When Twitter was launched Spaces, its live audio feature, Reesha Howard was eager to start broadcasting. She already had a YouTube channel, so she was used to sharing her personality online, but Spaces came up with a new way to vary her voice. She has rapper Soulja Boy’s DM; did he want to do an interview in his space? Shockingly, he said yes. Then she hosted a game show for The Game. She spoke to Charlese Antoinette, the costume designer for Judas and the Black Messiah, a few days before Antoinette won an Oscar. “I consider myself to be the official queen of the Twitter spaces,” Howard says. Not bad for someone who only had 87 Twitter followers a few months ago. Today, thanks to its listeners, it has around 4,000.
Decades ago, if you heard someone’s voice live on the internet, it often meant online radio show. Then podcasting came on the scene, and anyone with a mic and laptop could upload their conversations to the web. Now the rise of live audio applications, run by Clubhouse’s to burst Success This past summer is reshaping the landscape again, in the same way social media disrupted the blogosphere years ago: Anyone with a smartphone has the tools and the platform to reach millions of ears. With this shift comes an opportunity, both for upstart startups hoping to reshuffle Silicon Valley’s pecking order and for digital content creators hoping to make their mark in the format of the day.
The creators, in particular, are spending a moment. After years of fighting to be taken seriously, they are finally recognized – and paid – by Silicon Valley companies for their work and influence. There are more companies that specifically revolve around support creative economies, from writers on Substack to adult artists on OnlyFans to C-List celebrities on Cameo. Large companies are now investing more in creators, recognizing their role in the company’s bottom line. A platform is only as good as its content, and that content goes to the people who create it.
The major live audio apps have all announced or released features for creators in the past few weeks. Twitter added a tip pot and experience live events with tickets to the spaces. Discord opened an event “scene” last month that looks like Clubhouse, and will also offer new ways for broadcasters to charge money for their events. It also incorporates better discovery features to help Discord users find live events. Facebook has launched an audio creation fund to kick start its Live audio rooms, launching later this summer. And Clubhouse has started paying select creators a monthly allowance of $ 5,000 to host original shows as part of its Creator First accelerator.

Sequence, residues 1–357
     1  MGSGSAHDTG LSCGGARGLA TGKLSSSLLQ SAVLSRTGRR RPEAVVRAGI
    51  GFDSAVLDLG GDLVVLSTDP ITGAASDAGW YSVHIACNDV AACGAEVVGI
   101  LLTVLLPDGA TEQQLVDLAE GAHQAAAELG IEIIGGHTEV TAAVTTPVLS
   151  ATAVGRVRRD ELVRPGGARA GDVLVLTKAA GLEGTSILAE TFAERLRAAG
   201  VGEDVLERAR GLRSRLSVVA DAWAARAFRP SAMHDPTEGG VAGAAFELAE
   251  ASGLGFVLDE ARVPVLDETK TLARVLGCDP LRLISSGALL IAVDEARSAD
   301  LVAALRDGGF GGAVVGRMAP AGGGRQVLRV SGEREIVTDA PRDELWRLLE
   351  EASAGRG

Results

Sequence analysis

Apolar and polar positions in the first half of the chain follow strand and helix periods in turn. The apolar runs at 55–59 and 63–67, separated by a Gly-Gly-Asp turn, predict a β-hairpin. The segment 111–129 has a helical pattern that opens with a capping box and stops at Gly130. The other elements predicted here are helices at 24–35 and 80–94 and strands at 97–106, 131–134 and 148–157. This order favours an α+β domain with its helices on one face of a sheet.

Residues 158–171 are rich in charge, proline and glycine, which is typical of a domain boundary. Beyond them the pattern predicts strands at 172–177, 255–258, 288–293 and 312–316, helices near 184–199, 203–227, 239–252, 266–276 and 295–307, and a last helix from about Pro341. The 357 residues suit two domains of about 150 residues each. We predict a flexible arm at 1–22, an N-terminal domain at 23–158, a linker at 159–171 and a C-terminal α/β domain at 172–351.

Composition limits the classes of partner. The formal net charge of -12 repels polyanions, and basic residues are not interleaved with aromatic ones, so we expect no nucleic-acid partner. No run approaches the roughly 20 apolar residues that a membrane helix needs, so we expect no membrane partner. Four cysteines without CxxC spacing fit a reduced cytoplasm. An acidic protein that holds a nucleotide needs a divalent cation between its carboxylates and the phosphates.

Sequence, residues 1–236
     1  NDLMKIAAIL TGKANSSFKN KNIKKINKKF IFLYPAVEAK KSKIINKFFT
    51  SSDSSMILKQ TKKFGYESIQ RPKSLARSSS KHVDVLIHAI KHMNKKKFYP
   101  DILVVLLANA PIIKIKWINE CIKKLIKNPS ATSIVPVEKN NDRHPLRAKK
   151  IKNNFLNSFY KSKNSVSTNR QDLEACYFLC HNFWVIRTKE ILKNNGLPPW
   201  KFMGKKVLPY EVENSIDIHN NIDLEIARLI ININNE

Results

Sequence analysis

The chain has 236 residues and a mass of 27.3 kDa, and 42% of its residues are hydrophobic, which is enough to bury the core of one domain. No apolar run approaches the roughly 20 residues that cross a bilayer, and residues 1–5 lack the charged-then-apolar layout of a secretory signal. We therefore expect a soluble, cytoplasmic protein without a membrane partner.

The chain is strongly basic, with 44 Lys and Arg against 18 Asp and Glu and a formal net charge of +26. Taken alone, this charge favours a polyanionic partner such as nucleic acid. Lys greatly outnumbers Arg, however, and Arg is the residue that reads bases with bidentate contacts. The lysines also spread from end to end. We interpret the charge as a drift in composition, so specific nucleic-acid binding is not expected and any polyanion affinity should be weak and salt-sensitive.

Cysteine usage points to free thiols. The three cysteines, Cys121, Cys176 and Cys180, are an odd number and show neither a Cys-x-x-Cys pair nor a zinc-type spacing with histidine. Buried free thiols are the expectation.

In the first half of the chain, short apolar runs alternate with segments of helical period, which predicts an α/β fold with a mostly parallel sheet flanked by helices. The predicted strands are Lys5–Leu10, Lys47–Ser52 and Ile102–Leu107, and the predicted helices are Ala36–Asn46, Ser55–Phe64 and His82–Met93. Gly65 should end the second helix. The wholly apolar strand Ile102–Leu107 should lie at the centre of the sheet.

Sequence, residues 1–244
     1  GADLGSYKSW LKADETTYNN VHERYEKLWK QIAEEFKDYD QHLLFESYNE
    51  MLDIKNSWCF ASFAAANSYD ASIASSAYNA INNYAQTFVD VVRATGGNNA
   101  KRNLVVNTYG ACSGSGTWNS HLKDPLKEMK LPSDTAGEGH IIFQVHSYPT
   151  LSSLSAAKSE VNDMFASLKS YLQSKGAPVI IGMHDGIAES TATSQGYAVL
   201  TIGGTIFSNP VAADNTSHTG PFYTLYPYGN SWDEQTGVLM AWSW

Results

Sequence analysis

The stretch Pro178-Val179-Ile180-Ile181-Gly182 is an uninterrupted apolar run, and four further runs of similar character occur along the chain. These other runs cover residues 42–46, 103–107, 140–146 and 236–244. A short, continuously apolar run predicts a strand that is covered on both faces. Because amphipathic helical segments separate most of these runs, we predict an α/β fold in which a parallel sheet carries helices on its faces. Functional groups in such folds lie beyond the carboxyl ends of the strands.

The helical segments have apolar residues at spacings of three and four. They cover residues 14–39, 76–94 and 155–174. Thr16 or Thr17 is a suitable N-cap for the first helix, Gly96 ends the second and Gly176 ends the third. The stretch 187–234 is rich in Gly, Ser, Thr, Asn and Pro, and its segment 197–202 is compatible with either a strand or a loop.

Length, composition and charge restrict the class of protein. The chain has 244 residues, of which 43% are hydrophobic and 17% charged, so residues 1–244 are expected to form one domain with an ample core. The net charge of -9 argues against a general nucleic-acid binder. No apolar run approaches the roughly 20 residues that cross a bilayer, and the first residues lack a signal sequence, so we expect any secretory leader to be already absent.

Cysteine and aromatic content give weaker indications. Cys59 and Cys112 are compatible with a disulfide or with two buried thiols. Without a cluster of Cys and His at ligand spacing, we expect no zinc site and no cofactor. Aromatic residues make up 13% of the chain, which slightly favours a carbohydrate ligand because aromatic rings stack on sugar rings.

While Clubhouse has its fair share of influencers its new program is already focusing on funding more emerging talent. Beyond the monthly allowance, Creator First will provide other resources and promotional opportunities for creators of Clubhouse-specific content. It’s the kind of support, especially early on, that could help people make a living on the app – and which in turn could keep the year-old start-up loyal. “Being on the app has been a huge opportunity for little creators,” says Amanda Dishman, who hosts a Clubhouse room called The Salty Vagabonds Club, dedicated to alternative lifestyles. Dishman, for example, delights audiences with stories of life on a boat. Clubhouse named the show as a finalist for the Creator First Accelerator earlier this month. “I haven’t tried any other audio apps yet, and so far I’m fine with that,” she says.
Clubhouse will need that kind of loyalty to survive. The platform is widely credited with launching the recent audio boom, but its user growth is slowing: the app recorded 922,000 downloads in April, up from 9.6 million in February, according to Sensor Tower. (It might see a boost this month, now that it finally has an Android app.) Many of its users have accounts on other platforms as well. Analytics company App Annie found that 77% of Clubhouse iPhone users also use Facebook and 60% also use Twitter. Clubhouse must prove that its content deserves to integrate a whole new platform into your digital routine. It’s a hurdle that other established apps don’t face when venturing into live audio – a group that includes not only Twitter and Facebook, but also Reddit, Spotify, and LinkedIn.